Before Fontaines D.C. entered the stage, they turned down the lights and played “Black Boys on Mopeds” by Sinead O’Connor. Frontman Grian Chatten entered and immediately started to work on getting the packed and sold-out crowd at the Metro as hyped as they possibly could. In an almost childlike way, he walked around the stage in circles, flailed his arms around, pointed, and yelled at individuals in the crowd, etc. It definitely worked. Almost immediately, the entire left side of the crowd went fucking crazy. The Irish post-punk darlings kicked things off with “Too Real” from their 2019 record Dogrel, and I flipped my shit too. I turned to my boyfriend and told him to hold my purse and my $5 beer and I pushed my way into the huge circle of sweaty people throwing themselves at each other. It wasn’t until after they started playing their next song that I realized that my phone which I had secured in the pocket of my Old Navy shorts (I was definitely not dressed for the occasion), was gone. As a 22-year-old Gen Z-er, I started panicking. I couldn’t stop thinking about all of the heavy-ass men in this pit wearing the heaviest fucking pairs of vintage Doc Marten/steel-toed work boots I had ever seen stepping and jumping all over my phone.

I bent down and tried to push around people to look at the beer-mudded ground for it. I heard the beginning of “Hurricane Laughter.” Oh, fuck! I would never find my iPhone during “Hurricane Laughter” of all fucking songs. I was about to lose all hope until a tall, slender, and shaggy-haired man wearing a graphic black tee and pants to match looked into my eyes. He grabbed my shoulder and bent down a little so that he could speak into my ear.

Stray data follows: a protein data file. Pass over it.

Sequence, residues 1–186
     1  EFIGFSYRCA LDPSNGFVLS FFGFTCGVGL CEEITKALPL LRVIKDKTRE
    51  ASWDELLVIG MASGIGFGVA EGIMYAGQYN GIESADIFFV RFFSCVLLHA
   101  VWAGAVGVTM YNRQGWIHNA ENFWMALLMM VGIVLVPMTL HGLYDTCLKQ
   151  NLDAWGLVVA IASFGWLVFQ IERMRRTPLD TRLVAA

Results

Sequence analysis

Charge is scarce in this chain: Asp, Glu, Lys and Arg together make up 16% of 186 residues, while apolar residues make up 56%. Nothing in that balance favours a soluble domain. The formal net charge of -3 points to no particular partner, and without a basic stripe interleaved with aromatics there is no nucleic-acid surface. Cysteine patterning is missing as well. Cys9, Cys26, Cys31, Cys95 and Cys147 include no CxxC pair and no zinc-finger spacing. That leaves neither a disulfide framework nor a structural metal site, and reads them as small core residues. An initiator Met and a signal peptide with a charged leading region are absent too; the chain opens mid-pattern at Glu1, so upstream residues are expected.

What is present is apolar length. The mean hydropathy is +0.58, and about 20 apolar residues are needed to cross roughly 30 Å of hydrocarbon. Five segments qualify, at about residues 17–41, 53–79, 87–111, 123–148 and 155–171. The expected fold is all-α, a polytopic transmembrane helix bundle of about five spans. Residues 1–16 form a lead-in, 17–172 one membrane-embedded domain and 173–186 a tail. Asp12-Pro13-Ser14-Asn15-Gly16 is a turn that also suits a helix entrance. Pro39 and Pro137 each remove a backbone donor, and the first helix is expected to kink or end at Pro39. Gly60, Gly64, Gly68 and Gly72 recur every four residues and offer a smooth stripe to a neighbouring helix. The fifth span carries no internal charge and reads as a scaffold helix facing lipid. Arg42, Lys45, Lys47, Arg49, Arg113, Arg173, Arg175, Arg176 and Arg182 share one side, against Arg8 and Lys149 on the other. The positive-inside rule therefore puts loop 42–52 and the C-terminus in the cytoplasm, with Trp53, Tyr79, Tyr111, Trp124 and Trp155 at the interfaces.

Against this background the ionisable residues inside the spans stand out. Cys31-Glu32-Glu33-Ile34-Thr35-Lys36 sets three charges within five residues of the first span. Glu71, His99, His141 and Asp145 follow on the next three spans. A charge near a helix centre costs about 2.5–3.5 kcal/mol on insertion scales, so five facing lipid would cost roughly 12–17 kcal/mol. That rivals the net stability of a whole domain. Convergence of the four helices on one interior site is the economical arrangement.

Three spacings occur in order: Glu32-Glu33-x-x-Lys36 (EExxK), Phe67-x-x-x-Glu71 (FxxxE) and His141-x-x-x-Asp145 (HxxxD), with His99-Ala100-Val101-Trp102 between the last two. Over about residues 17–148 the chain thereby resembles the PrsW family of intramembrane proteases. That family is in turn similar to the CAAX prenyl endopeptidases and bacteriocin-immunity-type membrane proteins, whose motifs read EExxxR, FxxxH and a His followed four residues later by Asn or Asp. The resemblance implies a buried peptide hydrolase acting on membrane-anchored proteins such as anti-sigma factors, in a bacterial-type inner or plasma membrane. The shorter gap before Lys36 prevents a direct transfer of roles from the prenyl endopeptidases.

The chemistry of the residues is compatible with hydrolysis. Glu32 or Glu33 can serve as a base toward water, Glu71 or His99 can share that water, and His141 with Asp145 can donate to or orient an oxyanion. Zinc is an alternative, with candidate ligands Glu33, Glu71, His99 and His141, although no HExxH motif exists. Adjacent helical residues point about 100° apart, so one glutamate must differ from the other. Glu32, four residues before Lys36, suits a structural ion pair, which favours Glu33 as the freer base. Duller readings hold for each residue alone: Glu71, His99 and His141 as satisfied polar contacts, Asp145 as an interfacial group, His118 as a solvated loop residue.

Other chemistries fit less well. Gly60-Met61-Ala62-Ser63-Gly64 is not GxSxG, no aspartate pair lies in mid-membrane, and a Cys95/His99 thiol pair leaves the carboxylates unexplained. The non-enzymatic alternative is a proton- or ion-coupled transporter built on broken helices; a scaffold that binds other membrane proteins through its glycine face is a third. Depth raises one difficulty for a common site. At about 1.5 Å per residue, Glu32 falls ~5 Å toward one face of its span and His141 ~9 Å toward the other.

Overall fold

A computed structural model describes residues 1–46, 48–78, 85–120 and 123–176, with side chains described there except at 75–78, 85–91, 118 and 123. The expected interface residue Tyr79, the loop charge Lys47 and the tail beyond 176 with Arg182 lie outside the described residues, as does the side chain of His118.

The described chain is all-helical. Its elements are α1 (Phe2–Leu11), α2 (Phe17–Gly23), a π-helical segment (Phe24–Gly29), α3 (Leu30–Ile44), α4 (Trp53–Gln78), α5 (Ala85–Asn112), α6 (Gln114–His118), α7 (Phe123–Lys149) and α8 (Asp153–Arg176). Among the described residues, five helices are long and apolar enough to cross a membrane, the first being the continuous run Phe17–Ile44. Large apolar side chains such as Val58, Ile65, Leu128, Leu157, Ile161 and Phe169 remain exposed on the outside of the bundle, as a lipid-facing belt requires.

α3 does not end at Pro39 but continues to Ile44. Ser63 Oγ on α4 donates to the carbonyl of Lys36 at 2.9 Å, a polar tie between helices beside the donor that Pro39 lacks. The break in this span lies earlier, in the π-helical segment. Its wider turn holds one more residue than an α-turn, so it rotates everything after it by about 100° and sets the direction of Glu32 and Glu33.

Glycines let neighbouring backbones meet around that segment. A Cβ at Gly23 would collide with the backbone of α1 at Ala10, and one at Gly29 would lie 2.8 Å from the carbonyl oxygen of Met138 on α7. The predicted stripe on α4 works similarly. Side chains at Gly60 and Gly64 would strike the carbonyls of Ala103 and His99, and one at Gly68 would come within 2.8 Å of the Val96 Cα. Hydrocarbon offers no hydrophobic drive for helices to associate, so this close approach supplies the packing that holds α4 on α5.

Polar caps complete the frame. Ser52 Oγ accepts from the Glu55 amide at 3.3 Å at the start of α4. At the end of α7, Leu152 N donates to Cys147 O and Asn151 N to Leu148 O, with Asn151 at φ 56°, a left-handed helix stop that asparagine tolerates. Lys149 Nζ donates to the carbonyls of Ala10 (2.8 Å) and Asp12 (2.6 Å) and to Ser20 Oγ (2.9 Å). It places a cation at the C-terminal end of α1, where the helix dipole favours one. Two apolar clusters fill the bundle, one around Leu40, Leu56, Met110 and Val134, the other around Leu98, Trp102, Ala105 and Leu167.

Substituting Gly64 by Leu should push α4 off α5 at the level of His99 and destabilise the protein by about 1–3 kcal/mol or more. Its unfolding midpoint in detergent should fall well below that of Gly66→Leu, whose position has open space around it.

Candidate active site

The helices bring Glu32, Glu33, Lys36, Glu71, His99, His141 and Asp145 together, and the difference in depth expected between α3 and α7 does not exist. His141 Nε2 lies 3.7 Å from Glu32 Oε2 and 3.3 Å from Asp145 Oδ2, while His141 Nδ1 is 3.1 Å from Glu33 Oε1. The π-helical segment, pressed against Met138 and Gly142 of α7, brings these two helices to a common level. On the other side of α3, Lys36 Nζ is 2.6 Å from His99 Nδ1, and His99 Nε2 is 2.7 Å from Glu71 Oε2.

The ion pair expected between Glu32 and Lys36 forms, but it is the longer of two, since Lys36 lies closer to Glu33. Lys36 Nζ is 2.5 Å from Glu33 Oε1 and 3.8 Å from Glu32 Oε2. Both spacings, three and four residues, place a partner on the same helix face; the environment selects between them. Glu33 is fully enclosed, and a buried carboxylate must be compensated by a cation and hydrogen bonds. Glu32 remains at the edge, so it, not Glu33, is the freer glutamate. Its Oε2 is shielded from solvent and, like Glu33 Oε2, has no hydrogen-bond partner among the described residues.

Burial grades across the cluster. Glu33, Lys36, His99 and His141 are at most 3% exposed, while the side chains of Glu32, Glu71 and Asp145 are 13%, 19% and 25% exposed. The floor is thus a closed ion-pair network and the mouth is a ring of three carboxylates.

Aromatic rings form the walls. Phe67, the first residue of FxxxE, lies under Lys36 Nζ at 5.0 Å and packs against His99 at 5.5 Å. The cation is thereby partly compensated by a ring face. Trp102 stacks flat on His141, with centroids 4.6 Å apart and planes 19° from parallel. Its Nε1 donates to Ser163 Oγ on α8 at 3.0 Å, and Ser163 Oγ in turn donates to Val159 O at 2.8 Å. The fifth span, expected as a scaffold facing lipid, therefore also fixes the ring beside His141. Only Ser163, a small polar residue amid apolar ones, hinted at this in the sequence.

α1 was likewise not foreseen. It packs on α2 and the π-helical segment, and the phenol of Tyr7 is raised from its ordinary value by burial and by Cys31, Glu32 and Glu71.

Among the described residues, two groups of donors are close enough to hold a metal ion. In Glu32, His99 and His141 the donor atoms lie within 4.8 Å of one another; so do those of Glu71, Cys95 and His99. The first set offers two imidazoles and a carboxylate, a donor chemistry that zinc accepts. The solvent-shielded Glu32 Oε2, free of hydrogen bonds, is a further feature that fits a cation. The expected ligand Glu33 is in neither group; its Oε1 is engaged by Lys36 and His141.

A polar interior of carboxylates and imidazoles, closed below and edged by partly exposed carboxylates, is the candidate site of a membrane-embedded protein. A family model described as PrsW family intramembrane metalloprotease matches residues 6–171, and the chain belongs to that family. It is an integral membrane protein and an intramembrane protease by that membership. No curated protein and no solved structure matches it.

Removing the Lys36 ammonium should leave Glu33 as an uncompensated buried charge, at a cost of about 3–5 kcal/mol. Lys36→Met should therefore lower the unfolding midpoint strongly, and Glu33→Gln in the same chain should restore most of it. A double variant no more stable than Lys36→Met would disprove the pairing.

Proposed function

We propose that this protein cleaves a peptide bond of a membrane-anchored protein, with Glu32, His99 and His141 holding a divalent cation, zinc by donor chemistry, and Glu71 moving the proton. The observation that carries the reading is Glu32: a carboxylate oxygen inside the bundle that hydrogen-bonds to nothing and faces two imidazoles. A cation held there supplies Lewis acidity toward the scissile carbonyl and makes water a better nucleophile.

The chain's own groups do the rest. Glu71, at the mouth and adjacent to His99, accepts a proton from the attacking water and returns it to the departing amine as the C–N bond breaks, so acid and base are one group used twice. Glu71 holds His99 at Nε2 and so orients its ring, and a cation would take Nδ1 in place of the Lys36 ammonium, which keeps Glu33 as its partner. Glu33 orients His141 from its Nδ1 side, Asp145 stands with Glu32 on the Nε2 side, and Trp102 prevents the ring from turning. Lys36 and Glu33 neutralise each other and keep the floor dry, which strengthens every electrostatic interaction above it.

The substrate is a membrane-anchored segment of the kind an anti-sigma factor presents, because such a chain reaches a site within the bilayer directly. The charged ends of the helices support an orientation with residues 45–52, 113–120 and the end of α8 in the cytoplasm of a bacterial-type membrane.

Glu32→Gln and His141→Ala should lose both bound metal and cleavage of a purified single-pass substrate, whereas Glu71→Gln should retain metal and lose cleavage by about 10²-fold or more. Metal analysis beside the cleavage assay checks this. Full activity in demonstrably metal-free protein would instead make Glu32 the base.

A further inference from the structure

I grabbed his shoulder and then yelled into his ear. “MY PHONE!” 

He looked at me, surprised. “WHAT KIND?” 


Then, he stood up straight, cupped his hands around his mouth, and screamed at the top of his lungs. “EVERYONE, LOOK FOR A RED IPHONE!!!!!” Almost the entire pit turned around, looked at him, then looked at their feet. 

That man, my savior! My hero! Thank you, kind stranger! It wasn’t long after until a balding man wearing a baseball cap standing right beside my knight in shining armor then handed me my phone. I thanked them as loud as I could before running back to my boyfriend to debrief and catch my breath after being thrown around in the crowd. Chatten was encouraging the pit the whole night, pointing and shouting at that crowd from the stage the entire time until at one point there was even a wall of death situation. I went back periodically, most excitedly during “A Hero’s Death” and “Nabokov.”  I was incredibly sore for a week after as I’m sure many other people were. 

What I love about Fontaines D.C. which was only heightened by their performance is they did not seem to take themselves too seriously. They also took pride in the fact that they were artists and poets before being a band, an underrated dynamic that seems to have worked in their favor. They have a distinct and yet reminiscent post-punk sound that scratched an everlasting itch in my brain, and even though they absolutely were influenced by noise-rock and clean-cut indie rock bands from the 2000s, they were able to find an interesting median for all of those aspects. This meant delivering some of the most radio-friendly rock songs of the past decade. 

So, if you ever have the chance to see Fontaines D.C. live – do it. Just do it. You won’t be bored, as they are definitely “get in and get out” type of performers. But they are energetic, clean-cut, and full of raw power all at the same time, and absolutely beautiful artists and musicians. They had an energy that I had not felt or witnessed at a concert of that size since before COVID, something I needed and I’m sure many others did too. Fontaines D.C. are legends in the making with their discography filled with generational trauma, love, pain, and perseverance. And Been Stellar are music industry freshmen that you do not need to sleep on. Just make sure that when you see them live you wear the appropriate attire.